The sinking of the Card was stunning victory for the Viet Cong, yet little remembered today
In the meantime, the Navy sent the salvage vessel USS Reclaimer and the tug USS Tawakoni to Saigon Port to begin pumping water out of the sunken vessel. Despite poor diving conditions and numerous equipment malfunctions, salvage crews raised Card in a little more than two weeks. Soon, both Reclaimer and Tawakoni towed Card out of Saigon harbor on their way to the U.S. Navy port of Subic Bay in the Philippines for repairs. Naval vessels are very flexible ships capable of recuperating from serious battle damage. Apparently, Card was no exception — ships are often “re-purposed” in the U.S. Navy and enjoy long lives in service, Holmes said.
It was shortly after midnight when two Viet Cong commandos emerged from a sewer tunnel that emptied into Saigon Port, each man carrying nearly 90 pounds of high explosives and the components needed to make two time bombs.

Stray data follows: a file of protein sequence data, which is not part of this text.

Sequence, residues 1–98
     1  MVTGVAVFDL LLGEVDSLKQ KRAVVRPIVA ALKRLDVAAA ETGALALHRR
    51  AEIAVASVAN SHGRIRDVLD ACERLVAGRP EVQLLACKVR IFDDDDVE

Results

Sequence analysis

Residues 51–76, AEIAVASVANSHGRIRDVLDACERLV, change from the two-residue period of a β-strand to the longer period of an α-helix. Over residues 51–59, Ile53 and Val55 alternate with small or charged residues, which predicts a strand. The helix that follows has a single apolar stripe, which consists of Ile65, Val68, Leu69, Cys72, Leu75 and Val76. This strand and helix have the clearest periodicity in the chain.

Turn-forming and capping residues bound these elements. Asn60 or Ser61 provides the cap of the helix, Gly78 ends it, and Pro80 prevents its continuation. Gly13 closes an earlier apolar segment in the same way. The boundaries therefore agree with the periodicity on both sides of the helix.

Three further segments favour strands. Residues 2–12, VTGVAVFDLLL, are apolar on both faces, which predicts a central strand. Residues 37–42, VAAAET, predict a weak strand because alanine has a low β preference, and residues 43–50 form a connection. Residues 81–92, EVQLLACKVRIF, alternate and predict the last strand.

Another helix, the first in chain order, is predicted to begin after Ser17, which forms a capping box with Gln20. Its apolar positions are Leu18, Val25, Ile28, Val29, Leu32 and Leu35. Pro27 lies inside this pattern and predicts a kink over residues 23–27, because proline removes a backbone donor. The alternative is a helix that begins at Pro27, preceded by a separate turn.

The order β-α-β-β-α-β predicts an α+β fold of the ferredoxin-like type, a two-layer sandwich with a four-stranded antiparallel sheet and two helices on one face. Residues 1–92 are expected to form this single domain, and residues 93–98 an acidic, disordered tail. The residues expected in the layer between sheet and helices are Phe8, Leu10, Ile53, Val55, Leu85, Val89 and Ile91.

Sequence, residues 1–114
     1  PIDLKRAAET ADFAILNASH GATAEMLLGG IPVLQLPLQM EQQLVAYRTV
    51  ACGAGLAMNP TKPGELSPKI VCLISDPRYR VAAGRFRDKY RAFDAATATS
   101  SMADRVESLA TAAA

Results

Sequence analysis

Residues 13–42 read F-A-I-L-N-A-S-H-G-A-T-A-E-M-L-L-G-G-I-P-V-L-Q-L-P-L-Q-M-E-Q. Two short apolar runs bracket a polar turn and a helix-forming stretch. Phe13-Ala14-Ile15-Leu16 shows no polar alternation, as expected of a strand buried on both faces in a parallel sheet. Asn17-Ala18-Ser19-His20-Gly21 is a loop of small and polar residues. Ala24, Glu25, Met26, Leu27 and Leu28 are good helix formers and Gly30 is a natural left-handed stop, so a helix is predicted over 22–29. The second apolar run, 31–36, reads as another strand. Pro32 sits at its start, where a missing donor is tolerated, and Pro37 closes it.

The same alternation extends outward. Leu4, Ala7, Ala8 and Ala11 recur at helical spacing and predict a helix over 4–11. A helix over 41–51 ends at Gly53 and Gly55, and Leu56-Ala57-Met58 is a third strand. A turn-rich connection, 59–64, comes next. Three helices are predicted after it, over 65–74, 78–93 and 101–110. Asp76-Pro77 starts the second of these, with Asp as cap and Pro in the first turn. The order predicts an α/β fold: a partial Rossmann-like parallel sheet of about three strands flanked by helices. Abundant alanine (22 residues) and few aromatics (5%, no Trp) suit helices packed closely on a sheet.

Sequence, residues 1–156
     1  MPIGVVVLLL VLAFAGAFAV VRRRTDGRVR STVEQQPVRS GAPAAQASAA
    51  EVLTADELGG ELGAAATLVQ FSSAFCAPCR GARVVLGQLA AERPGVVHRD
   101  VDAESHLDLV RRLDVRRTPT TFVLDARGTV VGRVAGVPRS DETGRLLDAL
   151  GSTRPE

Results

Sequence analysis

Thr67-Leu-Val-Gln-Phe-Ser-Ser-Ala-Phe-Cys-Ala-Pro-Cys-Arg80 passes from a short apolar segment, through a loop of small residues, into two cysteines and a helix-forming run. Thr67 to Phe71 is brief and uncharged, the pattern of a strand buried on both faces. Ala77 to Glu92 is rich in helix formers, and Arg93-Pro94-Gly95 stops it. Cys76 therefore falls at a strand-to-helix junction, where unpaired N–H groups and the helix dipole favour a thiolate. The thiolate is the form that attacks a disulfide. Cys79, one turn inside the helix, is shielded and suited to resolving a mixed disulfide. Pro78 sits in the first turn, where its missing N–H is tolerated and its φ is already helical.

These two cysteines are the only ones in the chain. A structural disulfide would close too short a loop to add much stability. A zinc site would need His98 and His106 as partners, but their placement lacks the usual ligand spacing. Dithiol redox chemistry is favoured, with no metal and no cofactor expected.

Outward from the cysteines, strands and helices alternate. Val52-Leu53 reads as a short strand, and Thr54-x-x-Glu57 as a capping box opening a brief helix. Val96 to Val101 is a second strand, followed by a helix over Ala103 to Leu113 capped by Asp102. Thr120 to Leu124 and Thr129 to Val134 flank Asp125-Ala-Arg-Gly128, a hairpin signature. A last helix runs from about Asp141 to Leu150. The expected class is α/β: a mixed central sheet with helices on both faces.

Their target was the largest American ship in port, USNS Card. An escort carrier that saw distinguished service as a submarine-hunter in the North Atlantic during World War II, during the early morning hours of May 2, 1964, Card was part of U.S. Military Sealift Command.
The ship supported an escalating military commitment of the South Vietnamese government that occurred well before the Tonkin Gulf Incident. Since 1961, Card had transported both fixed-wing aircraft and helicopters to the beleaguered nation as well as the U.S. pilots and support crews need to operate them.
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